An interesting article by Carl Campanile, New York Post
A Brooklyn lawmaker is proposing a state law requiring sugary soft drinks to carry labels warning that consumption contributes to “obesity, diabetes and tooth decay’’ — much like packs of cigarettes carry warnings about the dangers of smoking.
“We can’t sit back and pretend that sugary drinks aren’t harmful to people. The research is clear: Too much sugar leads to health problems such as obesity and diabetes,” said Assemblyman Karim Camara, whose bill comes after the soft-drink industry beat back other drastic New York initiatives to tackle obesity.
Former Gov. David Paterson sought a penny-an-ounce “fat tax” on soda and other other sugary drinks in 2010. But the beverage industry waged a ferociously effective $13 million lobbying effort to kill the measure, arguing it would cost jobs at state plants.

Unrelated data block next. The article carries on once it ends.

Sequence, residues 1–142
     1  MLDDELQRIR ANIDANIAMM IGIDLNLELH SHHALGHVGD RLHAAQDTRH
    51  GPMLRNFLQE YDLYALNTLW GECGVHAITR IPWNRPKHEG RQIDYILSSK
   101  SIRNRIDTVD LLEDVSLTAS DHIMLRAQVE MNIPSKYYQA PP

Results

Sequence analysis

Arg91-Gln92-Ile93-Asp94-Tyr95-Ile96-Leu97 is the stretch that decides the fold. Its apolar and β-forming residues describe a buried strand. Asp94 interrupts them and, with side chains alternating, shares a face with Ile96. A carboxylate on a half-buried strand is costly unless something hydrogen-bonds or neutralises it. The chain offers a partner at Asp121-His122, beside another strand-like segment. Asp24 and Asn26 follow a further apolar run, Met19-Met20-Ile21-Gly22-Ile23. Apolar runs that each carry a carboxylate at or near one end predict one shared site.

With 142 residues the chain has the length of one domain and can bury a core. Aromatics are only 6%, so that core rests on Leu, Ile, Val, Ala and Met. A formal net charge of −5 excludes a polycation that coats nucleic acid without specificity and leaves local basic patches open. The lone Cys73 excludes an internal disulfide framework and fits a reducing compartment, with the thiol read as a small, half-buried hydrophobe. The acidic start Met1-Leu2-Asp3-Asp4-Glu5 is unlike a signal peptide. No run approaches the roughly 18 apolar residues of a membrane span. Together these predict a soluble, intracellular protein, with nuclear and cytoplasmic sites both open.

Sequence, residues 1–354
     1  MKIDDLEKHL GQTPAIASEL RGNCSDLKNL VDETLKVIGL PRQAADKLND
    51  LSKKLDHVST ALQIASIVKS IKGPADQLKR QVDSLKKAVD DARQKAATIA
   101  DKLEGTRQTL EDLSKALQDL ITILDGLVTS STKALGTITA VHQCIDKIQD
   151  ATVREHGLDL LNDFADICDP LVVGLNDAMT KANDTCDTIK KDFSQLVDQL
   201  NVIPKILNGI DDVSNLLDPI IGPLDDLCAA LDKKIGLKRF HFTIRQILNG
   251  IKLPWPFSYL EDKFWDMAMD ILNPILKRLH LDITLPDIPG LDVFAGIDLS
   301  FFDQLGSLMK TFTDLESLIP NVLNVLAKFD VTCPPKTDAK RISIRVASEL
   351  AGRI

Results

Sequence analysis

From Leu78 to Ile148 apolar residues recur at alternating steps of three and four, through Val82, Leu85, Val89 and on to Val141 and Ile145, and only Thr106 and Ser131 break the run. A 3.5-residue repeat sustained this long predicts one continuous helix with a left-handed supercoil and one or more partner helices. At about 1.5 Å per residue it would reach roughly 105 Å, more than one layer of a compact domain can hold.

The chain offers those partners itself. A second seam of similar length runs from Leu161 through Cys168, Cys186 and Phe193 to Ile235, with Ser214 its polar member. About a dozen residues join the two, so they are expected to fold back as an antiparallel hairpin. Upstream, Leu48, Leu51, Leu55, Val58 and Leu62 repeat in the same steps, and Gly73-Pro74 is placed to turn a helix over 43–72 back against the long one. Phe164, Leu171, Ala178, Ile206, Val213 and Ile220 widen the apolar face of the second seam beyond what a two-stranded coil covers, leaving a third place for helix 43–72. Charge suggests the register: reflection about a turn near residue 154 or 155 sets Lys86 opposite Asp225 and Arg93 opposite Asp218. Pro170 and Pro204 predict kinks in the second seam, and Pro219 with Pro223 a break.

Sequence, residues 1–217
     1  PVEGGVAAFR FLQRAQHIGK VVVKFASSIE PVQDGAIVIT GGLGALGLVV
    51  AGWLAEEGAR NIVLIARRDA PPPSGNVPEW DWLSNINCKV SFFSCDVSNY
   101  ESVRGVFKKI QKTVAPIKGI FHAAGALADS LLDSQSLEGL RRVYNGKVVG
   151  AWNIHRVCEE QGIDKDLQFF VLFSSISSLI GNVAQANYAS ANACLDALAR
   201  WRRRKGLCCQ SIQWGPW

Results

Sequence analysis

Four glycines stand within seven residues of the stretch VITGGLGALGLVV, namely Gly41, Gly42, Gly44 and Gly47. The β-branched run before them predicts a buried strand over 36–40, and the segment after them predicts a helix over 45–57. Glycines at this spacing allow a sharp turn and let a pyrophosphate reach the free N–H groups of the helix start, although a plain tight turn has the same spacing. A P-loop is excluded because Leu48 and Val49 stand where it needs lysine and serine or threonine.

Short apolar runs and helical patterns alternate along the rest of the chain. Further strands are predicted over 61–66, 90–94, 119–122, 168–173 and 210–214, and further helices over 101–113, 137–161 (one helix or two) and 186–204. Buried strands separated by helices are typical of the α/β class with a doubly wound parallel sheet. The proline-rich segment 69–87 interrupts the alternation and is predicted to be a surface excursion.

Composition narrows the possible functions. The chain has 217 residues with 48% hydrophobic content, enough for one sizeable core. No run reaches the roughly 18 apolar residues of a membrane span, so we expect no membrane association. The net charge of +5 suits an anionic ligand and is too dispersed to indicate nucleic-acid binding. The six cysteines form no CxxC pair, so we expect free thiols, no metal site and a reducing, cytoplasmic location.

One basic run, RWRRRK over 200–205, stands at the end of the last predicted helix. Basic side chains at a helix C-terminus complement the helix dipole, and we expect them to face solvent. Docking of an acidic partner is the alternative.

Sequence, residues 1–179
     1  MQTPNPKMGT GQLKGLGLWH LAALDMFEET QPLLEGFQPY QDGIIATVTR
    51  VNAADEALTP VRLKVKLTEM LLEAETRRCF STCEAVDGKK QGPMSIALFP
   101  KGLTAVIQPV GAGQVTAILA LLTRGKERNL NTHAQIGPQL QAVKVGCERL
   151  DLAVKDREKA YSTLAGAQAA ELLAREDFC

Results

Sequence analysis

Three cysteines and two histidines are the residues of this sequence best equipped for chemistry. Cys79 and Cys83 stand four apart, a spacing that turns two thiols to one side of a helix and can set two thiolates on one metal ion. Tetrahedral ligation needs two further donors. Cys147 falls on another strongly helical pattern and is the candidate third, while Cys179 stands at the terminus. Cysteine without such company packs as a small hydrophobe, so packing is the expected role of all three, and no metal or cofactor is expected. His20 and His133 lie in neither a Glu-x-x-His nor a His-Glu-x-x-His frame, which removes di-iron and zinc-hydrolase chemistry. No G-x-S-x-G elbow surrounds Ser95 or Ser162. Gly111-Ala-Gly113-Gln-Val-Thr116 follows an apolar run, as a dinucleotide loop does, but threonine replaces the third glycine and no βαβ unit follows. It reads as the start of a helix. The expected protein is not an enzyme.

“People in the beverage industry at the time said, ‘We don’t need a tax. We need education.’ My proposal calls for education,” said Camara, calling the initiative a “moral obligation.”
Last year, former Mayor Michael Bloomberg’s plan to ban large sugary drinks from being served in city-regulated outlets was struck down in court.
More than half of city adults are either overweight (34 percent) or obese (22 percent), according to the Health Department. Research shows obesity begins early in life: One in five kindergarten students are considered obese.
If approved, New York would become the first state to require soda warning labels. A similar measure was introduced — but not approved — in California.